Tamar recalls the early days of Diogene and the challenges of that time. Over its 29-year lifespan, the publishing house has overcome many obstacles and celebrated many successes. Tamar took on this difficult task just as the Soviet Union collapsed. She recalls that when the publishing house was founded, there were only a few bookstores in Tbilisi, many books were not translated, and book circulation was limited. Back then, selling 300 copies a year was deemed a remarkable accomplishment.

Reflecting on the challenges, Tamar recalls that the publishing profession simply did not exist in the Soviet Union. Thus, when she entered this field in the 1990s, it was entirely unfamiliar and novel to the public.

“I believe that the real reader, as such, is the same in every era, and their number is very small. However, compared to the 90s, the entire layer of society has changed today. At that time, there were neither the financial means to buy books, nor the cultural spaces that have since emerged.

“The section of the population that was interested in culture, attended plays, read books, and went to the museums was tiny, but today the number of these people in Georgian society has increased significantly,” the publisher remarks.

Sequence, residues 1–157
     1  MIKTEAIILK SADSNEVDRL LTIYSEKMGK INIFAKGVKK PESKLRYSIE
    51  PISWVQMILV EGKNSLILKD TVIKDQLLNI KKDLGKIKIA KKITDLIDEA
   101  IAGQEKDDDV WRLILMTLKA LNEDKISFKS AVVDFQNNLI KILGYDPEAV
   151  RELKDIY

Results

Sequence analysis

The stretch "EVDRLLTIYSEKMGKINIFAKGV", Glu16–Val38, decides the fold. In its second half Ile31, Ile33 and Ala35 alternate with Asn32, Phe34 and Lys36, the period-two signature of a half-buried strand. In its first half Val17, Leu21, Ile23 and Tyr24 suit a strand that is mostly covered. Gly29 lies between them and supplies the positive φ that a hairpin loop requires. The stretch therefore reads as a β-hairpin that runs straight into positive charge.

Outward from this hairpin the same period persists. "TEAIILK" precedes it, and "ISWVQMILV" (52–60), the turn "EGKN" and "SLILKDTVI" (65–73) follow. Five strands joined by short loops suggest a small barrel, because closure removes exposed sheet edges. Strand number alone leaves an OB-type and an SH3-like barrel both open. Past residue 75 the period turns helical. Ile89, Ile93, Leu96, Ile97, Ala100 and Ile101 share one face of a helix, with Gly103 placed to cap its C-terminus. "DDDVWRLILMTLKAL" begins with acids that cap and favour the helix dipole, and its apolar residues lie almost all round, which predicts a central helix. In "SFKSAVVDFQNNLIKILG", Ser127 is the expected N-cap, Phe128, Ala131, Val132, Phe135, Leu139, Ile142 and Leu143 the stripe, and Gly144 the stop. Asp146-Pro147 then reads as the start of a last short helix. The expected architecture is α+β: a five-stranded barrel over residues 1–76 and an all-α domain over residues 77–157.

Over the years, Diogene has published thousands of books, garnering recognition for its excellent translations and original works. However, its publishing achievements extend beyond these accomplishments.

Diogene is the founder of the literary competition PenMarathon, which started 22 years ago and has since been held eight times. PenMarathon stands out not only as one of the oldest Georgian literary competitions but also for its unique format. The competition requires writers to produce a sample of artistic prose within a defined task, all while being isolated from the outside world and within a limited timeframe.

Diogene as value

Tamar intends to reopen the bookstore in a physical space in the future. Additionally, she discusses the core values of the publishing house and delves into the history behind the name Diogene.

“The most delightful aspect for me is that over time, the publishing house Diogene holds an ever closer resemblance to the renowned ancient philosopher Diogenes.

“The main thing we want Diogene to leave behind is that people feel empowered to ask questions, pursue answers, and acquire knowledge that can be leveraged for positive purposes. I believe the reader of Diogene will understand exactly what I mean,” says Tamar.

Tamar consistently strives to stay updated with the news while also attending to Diogene’s development. She reveals that she, along with Diogene’s team, has even bigger plans ahead.

Author: Anano Didebashvili

The article published in Georgian by On.ge